The cost of building Galaxies (and iPhones)

Although Samsung and Apple are acclaimed as the leaders in profit capture for smart (and otherwise) phones, what is not lauded is how much they spend on capital equipment used in the making of these phones.

In 2012 Samsung spent around $20 billion while Apple spent about $10 billion (excluding leasehold improvements or Apple stores but including real estate).

Compare these figures with Intel at $11 billion, Google at $3.2 billion, Microsoft about $2.8 billion and Amazon $3.8 billion (including presumably new distribution centers.)

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What each company spends on differs depending on its business model, but as the graph above shows it’s easy to see that there is a class of “big spenders” who spend so much that it makes it hard to imagine just what $10 billion/yr could actually buy.

To get an idea of just how big that figure is consider that a Nimitz class aircraft carrier costs about $4.5 billion to build and it takes several years to do it. Or consider that the largest data center in the world probably costs about $1 billion or that the largest office building will cost between $4 and $5 billion. Either of these infrastructure projects are massive multi-year projects. Apple, Intel and Samsung spend well more than this every six months.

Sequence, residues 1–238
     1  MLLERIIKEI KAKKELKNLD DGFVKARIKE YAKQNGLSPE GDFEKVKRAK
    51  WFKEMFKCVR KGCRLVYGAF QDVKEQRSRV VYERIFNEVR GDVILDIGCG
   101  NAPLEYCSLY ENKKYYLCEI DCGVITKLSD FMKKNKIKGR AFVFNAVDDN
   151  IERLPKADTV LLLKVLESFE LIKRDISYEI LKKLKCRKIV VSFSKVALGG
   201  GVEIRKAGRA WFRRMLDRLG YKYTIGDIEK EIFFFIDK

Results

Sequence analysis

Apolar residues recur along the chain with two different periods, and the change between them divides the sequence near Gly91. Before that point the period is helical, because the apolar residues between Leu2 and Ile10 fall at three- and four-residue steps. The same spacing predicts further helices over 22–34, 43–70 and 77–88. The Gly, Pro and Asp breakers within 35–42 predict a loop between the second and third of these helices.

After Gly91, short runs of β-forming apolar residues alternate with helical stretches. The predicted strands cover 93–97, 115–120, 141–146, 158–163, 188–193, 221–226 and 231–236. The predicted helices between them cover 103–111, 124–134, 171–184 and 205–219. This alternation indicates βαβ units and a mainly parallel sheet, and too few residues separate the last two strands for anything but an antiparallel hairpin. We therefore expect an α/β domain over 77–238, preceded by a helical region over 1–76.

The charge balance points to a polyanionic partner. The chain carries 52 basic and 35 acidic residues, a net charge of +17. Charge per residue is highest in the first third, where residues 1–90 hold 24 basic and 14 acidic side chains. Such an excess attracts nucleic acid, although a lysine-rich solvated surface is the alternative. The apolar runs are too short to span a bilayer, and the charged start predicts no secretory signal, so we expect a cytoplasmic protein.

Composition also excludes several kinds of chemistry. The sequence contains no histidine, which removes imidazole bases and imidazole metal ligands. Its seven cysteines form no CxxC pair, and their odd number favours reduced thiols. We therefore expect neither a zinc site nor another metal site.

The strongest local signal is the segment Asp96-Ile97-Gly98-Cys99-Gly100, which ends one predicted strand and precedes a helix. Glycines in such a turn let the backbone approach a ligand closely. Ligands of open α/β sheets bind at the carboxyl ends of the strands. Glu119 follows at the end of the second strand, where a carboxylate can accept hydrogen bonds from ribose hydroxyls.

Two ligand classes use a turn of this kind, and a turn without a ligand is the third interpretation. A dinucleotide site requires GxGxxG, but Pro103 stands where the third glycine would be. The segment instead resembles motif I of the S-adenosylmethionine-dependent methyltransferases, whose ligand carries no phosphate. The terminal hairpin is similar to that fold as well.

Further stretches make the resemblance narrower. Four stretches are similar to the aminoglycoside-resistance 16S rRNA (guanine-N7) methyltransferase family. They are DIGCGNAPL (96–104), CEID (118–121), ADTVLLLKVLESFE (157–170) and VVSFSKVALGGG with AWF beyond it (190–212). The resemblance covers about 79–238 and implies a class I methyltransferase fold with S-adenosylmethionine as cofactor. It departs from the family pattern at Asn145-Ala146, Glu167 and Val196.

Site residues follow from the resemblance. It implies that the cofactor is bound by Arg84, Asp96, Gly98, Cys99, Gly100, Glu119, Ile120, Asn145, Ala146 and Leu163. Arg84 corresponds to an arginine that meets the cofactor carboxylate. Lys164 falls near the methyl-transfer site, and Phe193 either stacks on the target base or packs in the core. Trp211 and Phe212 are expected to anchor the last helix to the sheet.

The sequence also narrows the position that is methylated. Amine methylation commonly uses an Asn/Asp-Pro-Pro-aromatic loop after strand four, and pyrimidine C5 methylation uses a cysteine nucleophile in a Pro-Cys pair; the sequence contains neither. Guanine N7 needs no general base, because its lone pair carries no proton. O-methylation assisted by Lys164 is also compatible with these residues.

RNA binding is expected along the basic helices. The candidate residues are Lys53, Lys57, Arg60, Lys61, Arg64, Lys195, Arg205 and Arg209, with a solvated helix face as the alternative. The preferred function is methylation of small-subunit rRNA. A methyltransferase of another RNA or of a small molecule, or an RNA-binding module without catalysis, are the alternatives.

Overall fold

So it’s a special class of equipment which falls in the multi-billion dollar range: semiconductor process equipment.

Whereas in the case of Intel it’s the obvious target for the funds, how can we assume it’s the case for Apple and Samsung.

We don’t have proof but there is a remarkable correlation between CapEx and Semiconductors in Samsung’s divisional financial reports:

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We also have the historically reported allocation of CapEx as reported prior to 2008:

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Therefore I consider it safe to assume that the bulk of Samsung’s Capital Expenditures are in support of semiconductor production (note that this does not include display panels).

Note however that in the first graph, Samsung’s expenditures seem to be declining. Measured in Won, the level in Q4 ’12 was about the same as that in Q1 2010 and down 30% y/y. Apple’s spending also dropped sequentially in Q4 but was up 75% y/y. It’s also nearly ten times higher than what Apple spent in Q1 2010.

So the question I would ask is whether Samsung’s reduction CapEx (which is safely assumed to be supporting semiconductor production, and which, in turn, is, to a large degree, supporting Apple) is being picked up by Apple.

If so then then this would be evidence of the re-alignment of role and control in the value chain of a terribly important industry.